If correction of ptosis is undertaken, complications can occur. Most ptosis surgery is performed with the patient under local anesthesia and with monitored anesthesia care; reactions to anesthetic agents are possible complications. Bleeding and poor response to anesthetic agents are potential intraoperative complications. Bleeding and infection can be occur in the early postoperative period. Prolonged bruising, edema, undercorrection or overcorrection of the ptosis, eyelid asymmetry and abnormal shape (i.e. peaking), and corneal foreign body sensation can be later complications.





Laboratory Studies

If myasthenia gravis is suspected in a patient with ptosis, perform a serum assay for acetylcholine receptor antibodies and antistriated muscle antibody. Muscle-specific tyrosine kinase (MUSK) levels can be obtained when acetylcholine receptor antibodies levels are negative and the suspicion for generalized myasthenia is high.

The ice test has been shown to improve ptosis in patients with myasthenia.[5]

An edrophonium chloride (Tensilon) test or single-fiber electromyography may be needed to definitely exclude the diagnosis.

CSF analysis can aid in the diagnosis of multiple sclerosis. Mild lymphocytosis or increased protein levels in the CSF levels may be present. In addition, elevated immunoglobulin G (IgG) levels and oligoclonal bands often are found.

In patients with chronic progressive external ophthalmoplegia, an electrocardiogram, electroretinogram, electromyography, and mitochondrial assay should be considered.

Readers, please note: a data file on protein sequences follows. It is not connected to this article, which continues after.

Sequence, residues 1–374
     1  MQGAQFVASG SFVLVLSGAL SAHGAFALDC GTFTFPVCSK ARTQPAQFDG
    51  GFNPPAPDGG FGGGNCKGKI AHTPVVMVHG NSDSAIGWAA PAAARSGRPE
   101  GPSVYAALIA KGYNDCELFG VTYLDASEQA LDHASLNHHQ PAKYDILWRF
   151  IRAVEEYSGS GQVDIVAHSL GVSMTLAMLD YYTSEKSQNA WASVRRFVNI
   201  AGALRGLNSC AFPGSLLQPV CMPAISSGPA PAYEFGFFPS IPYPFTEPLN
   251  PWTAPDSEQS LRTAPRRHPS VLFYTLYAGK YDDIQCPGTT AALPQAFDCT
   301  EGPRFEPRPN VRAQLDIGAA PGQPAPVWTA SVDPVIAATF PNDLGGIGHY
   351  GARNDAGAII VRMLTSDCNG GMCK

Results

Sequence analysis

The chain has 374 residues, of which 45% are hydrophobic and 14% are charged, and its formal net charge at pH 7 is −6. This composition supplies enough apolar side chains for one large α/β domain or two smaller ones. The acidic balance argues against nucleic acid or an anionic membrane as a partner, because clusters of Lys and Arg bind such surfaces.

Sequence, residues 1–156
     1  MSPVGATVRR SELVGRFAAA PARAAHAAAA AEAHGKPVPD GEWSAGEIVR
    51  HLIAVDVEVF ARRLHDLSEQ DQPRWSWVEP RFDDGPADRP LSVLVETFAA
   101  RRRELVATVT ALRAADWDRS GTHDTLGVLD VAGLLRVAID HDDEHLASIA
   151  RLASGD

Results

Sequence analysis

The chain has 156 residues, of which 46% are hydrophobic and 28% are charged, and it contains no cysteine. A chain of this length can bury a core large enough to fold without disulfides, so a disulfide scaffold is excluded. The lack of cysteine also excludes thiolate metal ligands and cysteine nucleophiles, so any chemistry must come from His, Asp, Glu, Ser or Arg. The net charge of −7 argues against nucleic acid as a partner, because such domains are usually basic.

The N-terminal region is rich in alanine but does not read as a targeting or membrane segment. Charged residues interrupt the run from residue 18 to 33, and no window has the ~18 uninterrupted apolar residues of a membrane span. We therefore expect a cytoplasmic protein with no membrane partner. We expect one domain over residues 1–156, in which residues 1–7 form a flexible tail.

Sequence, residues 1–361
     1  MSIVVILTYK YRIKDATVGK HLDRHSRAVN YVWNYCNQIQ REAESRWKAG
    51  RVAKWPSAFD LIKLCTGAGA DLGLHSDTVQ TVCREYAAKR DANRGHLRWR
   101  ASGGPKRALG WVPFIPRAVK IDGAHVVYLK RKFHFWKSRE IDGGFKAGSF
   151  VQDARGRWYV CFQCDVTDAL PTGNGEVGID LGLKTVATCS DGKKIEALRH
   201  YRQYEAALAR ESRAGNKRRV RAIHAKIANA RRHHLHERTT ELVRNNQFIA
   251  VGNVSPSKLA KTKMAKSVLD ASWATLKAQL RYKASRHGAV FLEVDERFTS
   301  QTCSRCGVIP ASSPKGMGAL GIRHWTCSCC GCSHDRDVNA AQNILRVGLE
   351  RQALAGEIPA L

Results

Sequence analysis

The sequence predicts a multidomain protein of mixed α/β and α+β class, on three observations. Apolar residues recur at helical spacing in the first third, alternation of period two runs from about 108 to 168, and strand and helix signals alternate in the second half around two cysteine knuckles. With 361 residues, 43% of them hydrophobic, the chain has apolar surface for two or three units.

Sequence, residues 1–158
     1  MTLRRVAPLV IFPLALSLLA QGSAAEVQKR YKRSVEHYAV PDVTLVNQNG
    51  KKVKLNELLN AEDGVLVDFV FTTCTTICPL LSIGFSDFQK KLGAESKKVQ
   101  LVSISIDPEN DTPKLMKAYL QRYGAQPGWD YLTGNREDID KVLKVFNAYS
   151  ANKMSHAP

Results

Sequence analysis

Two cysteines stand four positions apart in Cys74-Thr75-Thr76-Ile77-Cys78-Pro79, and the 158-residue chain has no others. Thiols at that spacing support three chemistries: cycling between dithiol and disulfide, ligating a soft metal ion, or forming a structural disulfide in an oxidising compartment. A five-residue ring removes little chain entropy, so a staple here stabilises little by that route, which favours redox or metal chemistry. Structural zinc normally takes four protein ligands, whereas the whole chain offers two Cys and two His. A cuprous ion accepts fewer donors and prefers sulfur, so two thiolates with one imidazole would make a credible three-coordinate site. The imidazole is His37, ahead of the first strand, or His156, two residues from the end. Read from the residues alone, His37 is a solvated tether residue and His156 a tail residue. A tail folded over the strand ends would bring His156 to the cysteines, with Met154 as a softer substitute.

Patients with suspected thyroid abnormalities should undergo thyroid function studies.

Imaging Studies

If ptosis is present with other neurologic deficits, imaging of the brain, orbits, or cerebrovascular system should be performed. An emergent CT angiography of the brain is necessary when ptosis is accompanied by other signs of a third nerve palsy. MRI of the brain with and without gadolinium is the imaging modality of choice to exclude structural cerebral etiologies, including middle cranial fossa neoplasia and demyelinating disorders.

CT scanning without contrast can be used to exclude dysthyroid orbitopathy and intraorbital neoplasia.

In acquired Horner syndrome, MRI or CT scan of the brain, MRA of neck, CT scan or X-ray of the spine, and CT scan or X-ray of the chest (especially of the apex of the lung) are needed to exclude a structural lesion along the sympathetic pathway.

Other Tests

Sympathomimetic agents can be used to stimulate the Mueller muscle, as follows:

  • 2.5% phenylephrine
  • 0.5% apraclonidine (Iopidine)
  • 1.0% apraclonidine (Iopidine)